Wood Properties for Fins

Yo! Checked the back logs and maybe I missed a good thread or two. But I wanted to make some wood fins for quads and thrusters. Is there any thoughts on wood properties- flex, weight, strength? As well as glassing techniques for- flex, strength and weight? The combination of the two seems like there are an endless possiblity of variables. Fins would be for high performance boards. I know there are tons of functional plastic, fiberglass, and carbon fiber fins, but some classy wood fins would just look old school Chris Craft kool!


these might be helpful.



Stiffest fin will have all the grain alligned along the angle of the rake. Flexiest/weekest would be with the grain at 90° to that. You could use veneer to layup your own plywood and customize your grain angles to your need also. An advantage to multiple grain angles is resistance to twisting/shear off of your fin. Many people use marine ply that you can get at hardware stores.

Killer! That will keep me busy for a while. Thanks for the input.


fin wood should have straight grain free of knots. shaping knots is a real bitch.

low density wood that is easy to work is a plus - pine, balsa, mahogany, cedar come to mind. Fir species often have too much density difference between growth rings and summer wood.

wood should not be oily such as teak.

really hard woods will look nice but are hard to work

plywood layers and glue lines can look nice but beware voids in less expensive grades with few layers. birch ply is cabinet grade and works if you have it

the flexiness will largely be removed by the layer or few you glass 'em on with.

A nice thick halo at the leading edge greatly adds to fin longevity if there are any sort of rocks or reef in your locale.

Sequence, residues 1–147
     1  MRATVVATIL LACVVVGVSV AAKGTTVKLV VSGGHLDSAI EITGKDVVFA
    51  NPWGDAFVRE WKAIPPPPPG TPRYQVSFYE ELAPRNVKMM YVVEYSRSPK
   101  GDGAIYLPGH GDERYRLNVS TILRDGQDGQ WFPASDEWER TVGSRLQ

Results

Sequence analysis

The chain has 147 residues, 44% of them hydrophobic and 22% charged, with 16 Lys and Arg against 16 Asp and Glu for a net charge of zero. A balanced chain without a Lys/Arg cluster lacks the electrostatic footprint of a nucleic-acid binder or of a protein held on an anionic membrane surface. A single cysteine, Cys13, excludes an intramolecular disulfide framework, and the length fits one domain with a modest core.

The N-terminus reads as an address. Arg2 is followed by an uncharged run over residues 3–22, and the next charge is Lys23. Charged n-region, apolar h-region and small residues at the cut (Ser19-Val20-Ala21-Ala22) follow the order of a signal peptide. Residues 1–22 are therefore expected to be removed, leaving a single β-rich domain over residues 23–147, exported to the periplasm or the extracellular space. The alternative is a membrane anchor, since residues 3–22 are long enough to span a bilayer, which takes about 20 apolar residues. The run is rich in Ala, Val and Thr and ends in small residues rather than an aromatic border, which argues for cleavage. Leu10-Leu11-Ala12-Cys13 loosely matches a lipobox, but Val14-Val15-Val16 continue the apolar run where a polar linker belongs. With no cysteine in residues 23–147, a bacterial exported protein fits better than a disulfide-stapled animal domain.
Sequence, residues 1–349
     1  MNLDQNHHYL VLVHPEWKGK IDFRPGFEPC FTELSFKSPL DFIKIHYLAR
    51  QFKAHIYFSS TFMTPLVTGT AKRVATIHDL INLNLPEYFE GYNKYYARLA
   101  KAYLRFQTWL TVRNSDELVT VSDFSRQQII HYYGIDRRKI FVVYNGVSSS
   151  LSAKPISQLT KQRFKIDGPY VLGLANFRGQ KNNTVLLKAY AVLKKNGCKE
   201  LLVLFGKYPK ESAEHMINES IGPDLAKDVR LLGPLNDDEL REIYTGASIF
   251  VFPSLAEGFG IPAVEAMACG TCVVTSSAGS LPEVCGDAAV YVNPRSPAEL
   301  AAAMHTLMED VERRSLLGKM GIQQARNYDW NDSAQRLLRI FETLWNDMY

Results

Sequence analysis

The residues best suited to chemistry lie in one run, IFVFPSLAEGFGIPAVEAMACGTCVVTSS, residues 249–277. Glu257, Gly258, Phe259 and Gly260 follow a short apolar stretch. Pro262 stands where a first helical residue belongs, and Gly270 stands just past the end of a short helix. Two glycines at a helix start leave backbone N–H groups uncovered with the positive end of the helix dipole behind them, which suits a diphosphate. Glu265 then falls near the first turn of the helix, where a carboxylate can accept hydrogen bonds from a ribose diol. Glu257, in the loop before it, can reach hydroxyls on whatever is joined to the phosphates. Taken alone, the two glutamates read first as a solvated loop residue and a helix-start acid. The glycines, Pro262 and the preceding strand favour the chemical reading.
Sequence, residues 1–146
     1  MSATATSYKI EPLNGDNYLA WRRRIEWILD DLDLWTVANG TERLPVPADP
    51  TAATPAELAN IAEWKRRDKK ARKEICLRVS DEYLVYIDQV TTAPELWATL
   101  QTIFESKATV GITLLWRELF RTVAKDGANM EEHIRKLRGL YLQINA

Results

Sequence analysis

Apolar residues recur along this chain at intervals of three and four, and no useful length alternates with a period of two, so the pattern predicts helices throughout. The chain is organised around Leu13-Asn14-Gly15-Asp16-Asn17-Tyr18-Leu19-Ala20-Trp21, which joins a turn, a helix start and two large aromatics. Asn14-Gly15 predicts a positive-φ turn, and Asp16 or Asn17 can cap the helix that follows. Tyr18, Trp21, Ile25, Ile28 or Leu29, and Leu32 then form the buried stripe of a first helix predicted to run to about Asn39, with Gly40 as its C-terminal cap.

fix holes in wood fins really quick or they soak water, grow rot and stain black

tools: block plane, hard pad 40-60 grit on the grinder, 60 grit on hard block for most hand work.

A center section of 3 layers mat and tinted resin, with two layers 1/8" lauan ply outside provides good leading/trailing edge stiffness yet most of the foiling is easily done in the wood sections. Looks nice later too, but most of the wood that shows will be the middle of the lauan, so think about the grain that will be exposed when you cut it prior to laminating it.

If you have a band saw you can piece together amazing bands and patterns. look up some of the old 30- to 60-piece fins. Light and dark woods can make beautiful patterns.

Then there’s veneer…

Awesome. What I was planning, was shaping a solid peice of … with bandsaw, router, grinder, orbital sander and finally the details by hand and file. Thanks for the wood selection, that will narrow down the woodsn. For the first few, I’d like them to be functional. Then once I’ve got a pattern I’ll get all artsy fartsy with different wood colors and stains. I’ll post some pics once a few are in the bag.